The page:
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Mourning Diary Hardcover – October 12, 2010

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Editorial Reviews

From Publishers Weekly

Starred Review. These penseÌües on the process of grieving the loss of a mother are an invitation to eavesdrop on a densely qualified (in the finest sense) rational mind touched by eternal loss. While continuing his life work, the great French cultural critic Barthes (Mythologies) kept notes of sadness and selfreflection on slips of paper. This fragmentary book begins the night after his mother's death; informing it all is the presence of absence. Although conflicted by the very process of making literature from grief, Barthes (1915–1980) contemplates such day-to-day, unexpected spells of sadness as living in an empty apartment; how the role reversal of caring for a dying parent affected him; the larger mysteries of time; and his own generalized mental state ("Not even the desire to commit suicide"). Compiler and annotator LeÌüger is to be commended, as is redoubtable translator Howard, who, in a nostalgic afterword, describes both his experience with Barthes's mother, Henriette, and the relative merits of the craft of rendering any book into another language. This volume is both a window into the soul of a philosopher and a unique contribution to the inspirational literature of the adult child left behind. 8 pages of b&w illus.
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Review

A belated and unexpected gift. (The London Review of Books)

A writer whose books of criticism and personal musings must be admired as serious and beautiful works of the imagination. (Edmund White)

Though Barthes left behind disciples, there can be no replacing him; his brilliance has a wavelength all its own. (JOHN UPDIKE)

This is pure Barthes: to write the very words that show how and why words have failed him. (Thomas Larson, Contrary Magazine)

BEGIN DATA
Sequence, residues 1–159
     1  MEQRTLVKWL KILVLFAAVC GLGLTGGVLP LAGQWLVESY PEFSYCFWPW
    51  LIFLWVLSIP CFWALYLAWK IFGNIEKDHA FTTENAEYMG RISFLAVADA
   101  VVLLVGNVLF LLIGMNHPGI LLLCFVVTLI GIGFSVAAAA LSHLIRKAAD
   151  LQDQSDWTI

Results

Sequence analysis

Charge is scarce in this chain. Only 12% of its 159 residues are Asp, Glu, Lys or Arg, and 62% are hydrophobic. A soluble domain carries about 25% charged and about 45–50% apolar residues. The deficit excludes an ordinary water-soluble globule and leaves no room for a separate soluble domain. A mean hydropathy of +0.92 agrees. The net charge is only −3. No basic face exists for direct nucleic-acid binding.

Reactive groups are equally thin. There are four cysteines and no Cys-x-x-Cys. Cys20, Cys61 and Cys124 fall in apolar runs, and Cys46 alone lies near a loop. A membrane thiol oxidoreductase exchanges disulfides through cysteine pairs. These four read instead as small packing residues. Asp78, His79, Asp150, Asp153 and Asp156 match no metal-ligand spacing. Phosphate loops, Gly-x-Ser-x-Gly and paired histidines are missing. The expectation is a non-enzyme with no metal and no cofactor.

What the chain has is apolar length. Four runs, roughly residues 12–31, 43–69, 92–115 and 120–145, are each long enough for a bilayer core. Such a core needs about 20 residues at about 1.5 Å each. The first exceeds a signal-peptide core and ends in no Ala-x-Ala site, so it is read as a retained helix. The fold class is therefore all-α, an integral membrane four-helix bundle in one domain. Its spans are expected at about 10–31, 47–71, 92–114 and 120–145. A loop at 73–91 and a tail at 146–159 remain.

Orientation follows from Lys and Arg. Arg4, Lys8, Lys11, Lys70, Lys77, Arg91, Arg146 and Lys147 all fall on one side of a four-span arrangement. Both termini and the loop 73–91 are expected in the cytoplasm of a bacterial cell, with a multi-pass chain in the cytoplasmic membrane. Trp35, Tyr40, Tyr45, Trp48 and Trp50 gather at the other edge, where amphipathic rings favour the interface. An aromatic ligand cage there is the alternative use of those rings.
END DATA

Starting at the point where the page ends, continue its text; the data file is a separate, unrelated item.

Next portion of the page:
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Product Details

  • Hardcover: 272 pages
  • Publisher: Hill and Wang; English Language edition (October 12, 2010)
  • Language: English
  • ISBN-10: 080906233X
  • ISBN-13: 978-0809062331
  • Product Dimensions: 5.3 x 1 x 7.8 inches
  • Shipping Weight: 12 ounces (View shipping rates and policies)
  • Average Customer Review: 4.1 out of 5 stars  See all reviews (7 customer reviews)
  • Amazon Best Sellers Rank: #958,762 in Books (See Top 100 in Books)

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Most Helpful Customer Reviews

7 of 7 people found the following review helpful By M. Wong on May 22, 2011
Format: Hardcover Verified Purchase
Roland Barthes' Mourning Diary is the most accurate, poignant written account of how grief is experienced. Barthes does not revert to cliche or overwrought metaphor--he does not attempt to apologize for the way he experiences mourning after his mother dies. Instead, these short fragments explore the process of living that one undergoes in the presence of absence that death most acutely is. This book is a treasured companion for any thinking mind who recognizes that "grief" is often most overwhelming when there is no feeling or emotivity involved.